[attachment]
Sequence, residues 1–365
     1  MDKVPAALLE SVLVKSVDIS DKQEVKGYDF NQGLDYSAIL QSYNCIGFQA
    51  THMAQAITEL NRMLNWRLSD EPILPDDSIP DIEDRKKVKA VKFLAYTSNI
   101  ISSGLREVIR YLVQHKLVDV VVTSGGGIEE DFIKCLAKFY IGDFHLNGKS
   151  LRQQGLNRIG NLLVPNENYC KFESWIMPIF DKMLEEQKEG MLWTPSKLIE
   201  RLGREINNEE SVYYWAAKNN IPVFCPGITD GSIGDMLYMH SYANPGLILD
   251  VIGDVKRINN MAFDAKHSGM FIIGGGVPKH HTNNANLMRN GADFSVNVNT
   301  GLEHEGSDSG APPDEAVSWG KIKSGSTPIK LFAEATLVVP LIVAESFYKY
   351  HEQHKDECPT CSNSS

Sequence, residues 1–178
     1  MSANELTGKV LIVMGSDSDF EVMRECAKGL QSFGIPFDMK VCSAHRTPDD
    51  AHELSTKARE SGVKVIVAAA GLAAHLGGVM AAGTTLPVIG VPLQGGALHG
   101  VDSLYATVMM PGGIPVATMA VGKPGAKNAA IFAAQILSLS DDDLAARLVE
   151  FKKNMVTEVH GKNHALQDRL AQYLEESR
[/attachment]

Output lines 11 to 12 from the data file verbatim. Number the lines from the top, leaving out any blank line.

     1  MSANELTGKV LIVMGSDSDF EVMRECAKGL QSFGIPFDMK VCSAHRTPDD
    51  AHELSTKARE SGVKVIVAAA GLAAHLGGVM AAGTTLPVIG VPLQGGALHG